- What services do you provide to students, faculty, and staff?
- Who can use the Writing Center?
- Who is on staff?
- What happens during a session at the Writing Center?
- Can I require my whole class to bring their papers to the Writing Center?
- Should I offer extra credit to my students for using the Center?
- How can I encourage my students to use the Center?
- Could I be notified if one of my students comes to the Writing Center?
- Can my students come to the Center to have their papers proofread or edited?
- Can the Center help students correctly cite sources in their papers?
- What services does the Center provide for students for whom English is not their native language?
- Can a student drop off a paper and pick it up later?
- Some of my students have gone to the Writing Center, but I don’t see a difference in their papers. How do you explain that?
- Can the Writing Center do workshops or presentations on writing for my class?
- Do you offer services particularly for faculty writers?
Q: What services do you provide to students, faculty, and staff?
A: The primary purpose of the Writing Center at Drew University is to provide support and feedback for students, staff, and faculty who would like to talk to a savvy reader at any stage of a project.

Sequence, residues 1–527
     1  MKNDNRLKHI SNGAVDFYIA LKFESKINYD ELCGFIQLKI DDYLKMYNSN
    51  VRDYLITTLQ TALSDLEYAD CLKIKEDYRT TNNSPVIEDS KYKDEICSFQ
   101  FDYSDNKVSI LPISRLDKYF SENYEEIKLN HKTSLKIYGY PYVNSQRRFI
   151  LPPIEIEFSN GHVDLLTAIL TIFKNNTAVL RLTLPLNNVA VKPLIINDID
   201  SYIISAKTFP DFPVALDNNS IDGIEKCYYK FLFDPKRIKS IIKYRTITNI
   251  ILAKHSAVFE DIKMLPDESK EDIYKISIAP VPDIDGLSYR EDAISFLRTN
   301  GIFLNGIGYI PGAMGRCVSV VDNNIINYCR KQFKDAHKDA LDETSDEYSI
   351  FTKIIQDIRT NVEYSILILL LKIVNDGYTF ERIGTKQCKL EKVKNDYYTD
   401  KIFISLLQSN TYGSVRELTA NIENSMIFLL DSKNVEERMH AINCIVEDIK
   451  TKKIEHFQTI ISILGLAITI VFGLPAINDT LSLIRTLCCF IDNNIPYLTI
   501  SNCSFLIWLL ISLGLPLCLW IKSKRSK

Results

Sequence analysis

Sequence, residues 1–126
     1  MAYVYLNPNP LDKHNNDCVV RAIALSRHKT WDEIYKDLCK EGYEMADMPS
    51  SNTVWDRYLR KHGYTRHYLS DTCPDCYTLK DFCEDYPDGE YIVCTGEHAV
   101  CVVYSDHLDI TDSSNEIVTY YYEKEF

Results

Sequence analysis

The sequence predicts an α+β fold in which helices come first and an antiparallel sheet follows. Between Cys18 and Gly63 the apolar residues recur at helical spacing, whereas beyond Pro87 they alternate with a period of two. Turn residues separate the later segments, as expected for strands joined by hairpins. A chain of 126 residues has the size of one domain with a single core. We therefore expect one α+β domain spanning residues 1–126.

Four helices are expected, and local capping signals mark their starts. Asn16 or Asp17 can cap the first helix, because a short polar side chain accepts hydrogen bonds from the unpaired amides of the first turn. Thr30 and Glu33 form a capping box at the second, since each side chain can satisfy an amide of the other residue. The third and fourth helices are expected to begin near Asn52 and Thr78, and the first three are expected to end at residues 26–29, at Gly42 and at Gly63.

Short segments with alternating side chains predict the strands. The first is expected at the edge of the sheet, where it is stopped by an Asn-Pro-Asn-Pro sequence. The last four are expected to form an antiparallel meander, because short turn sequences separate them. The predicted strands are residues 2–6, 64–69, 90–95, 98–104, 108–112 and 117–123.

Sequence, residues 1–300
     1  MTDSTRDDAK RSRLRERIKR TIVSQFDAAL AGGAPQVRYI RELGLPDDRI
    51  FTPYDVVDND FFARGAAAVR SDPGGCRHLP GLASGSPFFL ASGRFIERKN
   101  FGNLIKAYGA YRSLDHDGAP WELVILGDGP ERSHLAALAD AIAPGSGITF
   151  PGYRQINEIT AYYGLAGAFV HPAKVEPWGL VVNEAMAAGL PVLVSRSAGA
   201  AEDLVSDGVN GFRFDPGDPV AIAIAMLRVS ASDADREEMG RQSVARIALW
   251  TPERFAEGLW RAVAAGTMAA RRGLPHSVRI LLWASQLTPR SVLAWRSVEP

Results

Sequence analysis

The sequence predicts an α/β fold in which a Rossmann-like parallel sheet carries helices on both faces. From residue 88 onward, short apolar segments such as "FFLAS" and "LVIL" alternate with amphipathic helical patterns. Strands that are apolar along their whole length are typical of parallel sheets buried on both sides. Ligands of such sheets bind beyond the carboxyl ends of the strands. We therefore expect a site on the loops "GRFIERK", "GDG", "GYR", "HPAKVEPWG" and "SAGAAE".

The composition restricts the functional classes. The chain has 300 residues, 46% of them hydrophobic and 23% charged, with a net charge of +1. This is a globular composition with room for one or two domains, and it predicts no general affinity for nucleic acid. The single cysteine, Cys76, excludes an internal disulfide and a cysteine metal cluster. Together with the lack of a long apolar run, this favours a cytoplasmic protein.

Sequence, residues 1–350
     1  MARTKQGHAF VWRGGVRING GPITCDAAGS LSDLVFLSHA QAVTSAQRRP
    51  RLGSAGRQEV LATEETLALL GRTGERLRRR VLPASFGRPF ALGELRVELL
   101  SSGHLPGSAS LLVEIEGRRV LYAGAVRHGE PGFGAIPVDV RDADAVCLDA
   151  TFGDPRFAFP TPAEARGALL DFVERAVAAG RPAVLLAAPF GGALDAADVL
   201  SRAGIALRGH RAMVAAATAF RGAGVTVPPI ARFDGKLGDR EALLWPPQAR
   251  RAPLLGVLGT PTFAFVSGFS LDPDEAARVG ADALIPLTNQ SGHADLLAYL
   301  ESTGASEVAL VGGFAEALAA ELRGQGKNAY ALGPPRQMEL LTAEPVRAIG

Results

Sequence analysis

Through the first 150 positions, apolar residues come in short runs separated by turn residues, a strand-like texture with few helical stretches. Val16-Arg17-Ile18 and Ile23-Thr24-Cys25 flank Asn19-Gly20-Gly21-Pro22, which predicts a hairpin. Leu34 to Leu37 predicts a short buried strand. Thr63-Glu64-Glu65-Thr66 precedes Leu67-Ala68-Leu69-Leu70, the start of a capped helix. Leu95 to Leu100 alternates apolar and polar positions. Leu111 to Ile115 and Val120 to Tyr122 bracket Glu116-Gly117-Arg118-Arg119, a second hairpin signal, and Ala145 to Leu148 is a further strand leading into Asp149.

We help all writers in a variety of ways. We help writers to think through what any given assignment or writing situation is asking them to do so they may more thoughtfully develop their ideas in their writing. We can assist in planning out writing tasks more successfully, helping writers to break writing tasks into manageable steps or stages. We can help jumpstart the brainstorming of initial research questions, and in fact-gathering and evaluation of sources.
Please do note, however, that we do not provide proofreading or editing services. Our writing tutors respond as readers of written texts; we discuss the difficulties we may have understanding a work, and can suggest ways to make a student’s writing clearer and more effective. We can help students talk through a difficult section of a text, and identify patterns of errors in their writing.
Proofreader (a.k.a. copy editor)
- Trained to identify typos
- Paid to identify and correct mechanical (grammar and style) errors in a text
- Concerned only with the text
- Works in isolation with a red pen
- Trained to be a knowledgeable reader
- Paid to assist writers at all stages of the writing process
- Concerned with text and the writing process
- Works in consultation with author through conversation
For more on our mission, please see the Mission Statement.
Q: Who can use the Writing Center?
A: The Writing Center is open to Drew University students, faculty, and staff members. Please see the FAQ below about services offered and under development, particularly for faculty.
Q: Who is on staff?
A: We hire undergraduate and graduate students from across the curriculum at Drew. To see more about the tutors we have on staff, please visit our Staff page.